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What is the Screen and Recoat?

by Canadian Sanders

What is the Screen and Recoat?

“Screen and Recoat” Meaning

When you hear the term “screen and recoat,” it refers to a process that involves removing the top layer of polyurethane from your hardwood floors but not the wood underneath. The primary purpose of screening and recoating is to remove any light scratches or dullness that may have developed on the surface of your floors over time. It’s important to note that this process should not be confused with sanding, as only the old protective layer is removed and not the wood itself. Recoating is also a part of this process, which involves applying a new coat of polyurethane to the wood, giving it a fresh layer of protection.

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The screen is a type of mesh that is placed under the buffer. It carefully removes a small layer of the existing polyurethane to create a surface that will allow the new coat to bond effectively.

Rent one of these buffers at your local rental shop and place the screen underneath.

 Screening vs. Sanding

If you want to remove light scratches and scuffs and bring back the shine to your hardwood floors, then a screen and recoat might be a better option than fully sanding. Sanding is a more aggressive solution that is typically used for floors with deeper scratches that require more extensive repair. If all you need is a screen and recoat, it can protect your floors and save you money over the more drastic solution of a full sanding.

Regular maintenance 

Maintaining your hardwood floors with new polyurethane will not only save you money but keep your wood floors looking great. Polyurethane is the layer that protects your wood from wear and tear, but it doesn’t last forever. If you don’t take care of this protective layer, the bare wood underneath will be exposed and cause damage, and be a costly repair. Recoating adds more protection to the wood and prevents permanent damage that could reach the wood.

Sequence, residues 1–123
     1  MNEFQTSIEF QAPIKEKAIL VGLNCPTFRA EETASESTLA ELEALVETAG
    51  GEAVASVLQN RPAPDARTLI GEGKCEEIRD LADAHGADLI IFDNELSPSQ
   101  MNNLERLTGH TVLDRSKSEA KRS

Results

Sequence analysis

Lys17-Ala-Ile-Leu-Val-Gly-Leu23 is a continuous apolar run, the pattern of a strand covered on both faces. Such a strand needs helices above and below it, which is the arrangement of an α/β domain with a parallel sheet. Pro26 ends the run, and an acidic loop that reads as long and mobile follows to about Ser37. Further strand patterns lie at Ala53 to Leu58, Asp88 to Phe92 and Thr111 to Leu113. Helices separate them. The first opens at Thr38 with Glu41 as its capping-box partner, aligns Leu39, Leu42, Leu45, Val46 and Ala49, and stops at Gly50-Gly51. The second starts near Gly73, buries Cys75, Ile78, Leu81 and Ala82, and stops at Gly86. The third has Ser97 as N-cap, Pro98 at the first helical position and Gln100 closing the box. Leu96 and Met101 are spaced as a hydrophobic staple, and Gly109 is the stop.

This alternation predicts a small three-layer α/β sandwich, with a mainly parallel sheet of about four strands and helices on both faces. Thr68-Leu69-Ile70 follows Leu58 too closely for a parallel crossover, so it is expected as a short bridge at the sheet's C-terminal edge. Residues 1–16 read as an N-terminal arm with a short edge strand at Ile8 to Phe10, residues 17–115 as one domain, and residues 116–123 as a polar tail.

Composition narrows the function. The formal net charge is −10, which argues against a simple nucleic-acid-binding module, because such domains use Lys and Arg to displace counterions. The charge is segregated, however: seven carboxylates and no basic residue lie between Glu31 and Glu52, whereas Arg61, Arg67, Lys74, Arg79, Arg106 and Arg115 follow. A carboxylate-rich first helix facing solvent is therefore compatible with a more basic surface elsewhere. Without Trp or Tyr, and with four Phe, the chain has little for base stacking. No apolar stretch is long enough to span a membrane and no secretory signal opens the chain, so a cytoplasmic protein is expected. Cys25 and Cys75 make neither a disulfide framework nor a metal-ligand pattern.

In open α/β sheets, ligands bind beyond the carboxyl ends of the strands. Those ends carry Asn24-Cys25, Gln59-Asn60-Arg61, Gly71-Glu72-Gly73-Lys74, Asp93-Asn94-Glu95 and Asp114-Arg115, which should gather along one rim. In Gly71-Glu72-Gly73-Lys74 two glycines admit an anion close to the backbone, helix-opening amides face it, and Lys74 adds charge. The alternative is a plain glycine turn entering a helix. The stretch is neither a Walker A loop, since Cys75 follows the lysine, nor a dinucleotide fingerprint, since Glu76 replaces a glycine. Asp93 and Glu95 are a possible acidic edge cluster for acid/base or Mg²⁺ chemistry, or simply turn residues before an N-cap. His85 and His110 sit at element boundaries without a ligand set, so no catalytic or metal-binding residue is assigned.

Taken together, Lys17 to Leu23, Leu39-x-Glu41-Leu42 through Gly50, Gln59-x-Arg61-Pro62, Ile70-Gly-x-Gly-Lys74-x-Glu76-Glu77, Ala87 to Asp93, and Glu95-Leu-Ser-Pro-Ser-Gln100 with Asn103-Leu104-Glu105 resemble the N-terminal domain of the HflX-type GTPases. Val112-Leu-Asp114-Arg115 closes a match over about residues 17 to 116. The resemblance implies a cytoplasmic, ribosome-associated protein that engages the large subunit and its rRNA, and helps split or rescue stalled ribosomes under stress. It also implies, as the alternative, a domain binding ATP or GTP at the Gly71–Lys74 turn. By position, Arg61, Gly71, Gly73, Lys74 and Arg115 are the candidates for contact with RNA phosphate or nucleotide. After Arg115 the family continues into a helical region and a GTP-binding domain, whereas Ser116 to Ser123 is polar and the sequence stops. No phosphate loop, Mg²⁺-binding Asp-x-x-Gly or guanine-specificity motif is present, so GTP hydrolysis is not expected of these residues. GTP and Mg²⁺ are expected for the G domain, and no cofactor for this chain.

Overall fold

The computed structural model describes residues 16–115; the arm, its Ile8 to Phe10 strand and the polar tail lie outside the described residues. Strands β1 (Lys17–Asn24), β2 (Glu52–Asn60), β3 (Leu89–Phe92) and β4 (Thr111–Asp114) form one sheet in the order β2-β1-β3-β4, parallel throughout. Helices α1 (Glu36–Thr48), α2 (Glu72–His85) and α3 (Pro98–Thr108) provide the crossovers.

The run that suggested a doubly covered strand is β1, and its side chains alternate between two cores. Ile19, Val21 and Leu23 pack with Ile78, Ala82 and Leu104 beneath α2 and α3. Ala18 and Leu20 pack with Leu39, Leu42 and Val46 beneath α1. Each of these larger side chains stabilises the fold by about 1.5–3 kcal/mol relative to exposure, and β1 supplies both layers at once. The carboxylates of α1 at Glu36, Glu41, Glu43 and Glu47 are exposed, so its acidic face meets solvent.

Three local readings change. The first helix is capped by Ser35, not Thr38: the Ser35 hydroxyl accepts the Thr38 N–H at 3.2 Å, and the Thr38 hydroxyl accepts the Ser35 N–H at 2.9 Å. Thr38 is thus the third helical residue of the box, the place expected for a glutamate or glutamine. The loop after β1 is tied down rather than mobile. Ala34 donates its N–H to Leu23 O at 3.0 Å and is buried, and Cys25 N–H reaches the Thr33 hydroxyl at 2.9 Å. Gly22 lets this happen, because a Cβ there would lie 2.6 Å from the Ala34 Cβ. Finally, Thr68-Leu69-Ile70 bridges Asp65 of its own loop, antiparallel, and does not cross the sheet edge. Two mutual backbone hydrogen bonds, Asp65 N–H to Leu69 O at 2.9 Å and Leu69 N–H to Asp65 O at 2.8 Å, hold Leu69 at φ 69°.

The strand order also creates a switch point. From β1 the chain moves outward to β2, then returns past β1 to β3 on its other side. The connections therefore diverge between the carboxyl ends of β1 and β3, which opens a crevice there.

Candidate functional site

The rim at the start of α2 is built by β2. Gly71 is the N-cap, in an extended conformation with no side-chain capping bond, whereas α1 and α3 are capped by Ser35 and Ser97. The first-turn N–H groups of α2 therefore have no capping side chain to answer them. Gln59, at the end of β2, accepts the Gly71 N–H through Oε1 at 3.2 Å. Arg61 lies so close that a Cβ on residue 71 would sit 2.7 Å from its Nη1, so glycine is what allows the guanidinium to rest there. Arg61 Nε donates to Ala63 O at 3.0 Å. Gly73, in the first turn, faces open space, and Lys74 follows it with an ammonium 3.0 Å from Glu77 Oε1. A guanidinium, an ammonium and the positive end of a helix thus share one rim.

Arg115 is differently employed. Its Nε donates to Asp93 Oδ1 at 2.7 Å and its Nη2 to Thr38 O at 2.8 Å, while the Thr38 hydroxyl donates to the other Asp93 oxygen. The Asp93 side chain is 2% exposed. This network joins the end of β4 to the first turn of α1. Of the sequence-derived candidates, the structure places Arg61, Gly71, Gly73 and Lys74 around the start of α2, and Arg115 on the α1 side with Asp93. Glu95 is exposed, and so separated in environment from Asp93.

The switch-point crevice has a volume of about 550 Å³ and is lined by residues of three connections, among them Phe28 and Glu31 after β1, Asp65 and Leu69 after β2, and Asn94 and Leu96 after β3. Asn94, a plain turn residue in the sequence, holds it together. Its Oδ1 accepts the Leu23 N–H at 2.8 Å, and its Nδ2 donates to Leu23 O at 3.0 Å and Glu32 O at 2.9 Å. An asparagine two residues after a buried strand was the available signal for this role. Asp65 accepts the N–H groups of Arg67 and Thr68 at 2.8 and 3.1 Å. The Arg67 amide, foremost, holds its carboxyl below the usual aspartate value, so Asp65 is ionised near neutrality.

Screen and Recoat Importance

To minimize the need for full sanding, it is recommended to screen your floors every 3-7 years. The recommended frequency of screening your floors depends on your flooring traffic and whether or not you wear shoes while walking on your floors. However, if you apply a screen and recoat at least once every two years, you may avoid a full sanding indefinitely.

Screen & Recoat Basics 

As part of the screen and recoat process, the first step is to remove the old polyurethane coating from the hardwood floors. This can be achieved by abrading the floors to remove the old coating, followed by a thorough cleaning to remove all residue before the recoating process. Finally, you apply two new polyurethane coatings to achieve a smooth and beautiful finish.

Note: Recoating is not a simple process for all floors. If your floors have been polished or waxed, they will need to be stripped before any screening can be done. If your floors are factory-finished, it’s advisable to hire a professional. These floors are so hard that they require a chemical etching solution and special abrasives for proper recoating. Otherwise, you may end up with a peeling mess.


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